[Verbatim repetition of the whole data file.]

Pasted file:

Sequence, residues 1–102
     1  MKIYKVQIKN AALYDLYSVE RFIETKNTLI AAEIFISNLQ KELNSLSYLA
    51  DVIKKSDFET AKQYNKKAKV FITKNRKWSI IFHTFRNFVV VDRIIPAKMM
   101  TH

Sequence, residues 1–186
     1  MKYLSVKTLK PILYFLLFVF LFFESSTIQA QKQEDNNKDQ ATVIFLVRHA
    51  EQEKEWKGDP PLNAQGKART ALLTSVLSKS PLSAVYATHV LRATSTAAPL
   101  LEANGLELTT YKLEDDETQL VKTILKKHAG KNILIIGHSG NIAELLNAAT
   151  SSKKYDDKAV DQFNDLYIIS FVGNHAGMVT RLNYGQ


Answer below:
Sequence, residues 1–102
     1  MKIYKVQIKN AALYDLYSVE RFIETKNTLI AAEIFISNLQ KELNSLSYLA
    51  DVIKKSDFET AKQYNKKAKV FITKNRKWSI IFHTFRNFVV VDRIIPAKMM
   101  TH

Sequence, residues 1–186
     1  MKYLSVKTLK PILYFLLFVF LFFESSTIQA QKQEDNNKDQ ATVIFLVRHA
    51  EQEKEWKGDP PLNAQGKART ALLTSVLSKS PLSAVYATHV LRATSTAAPL
   101  LEANGLELTT YKLEDDETQL VKTILKKHAG KNILIIGHSG NIAELLNAAT
   151  SSKKYDDKAV DQFNDLYIIS FVGNHAGMVT RLNYGQ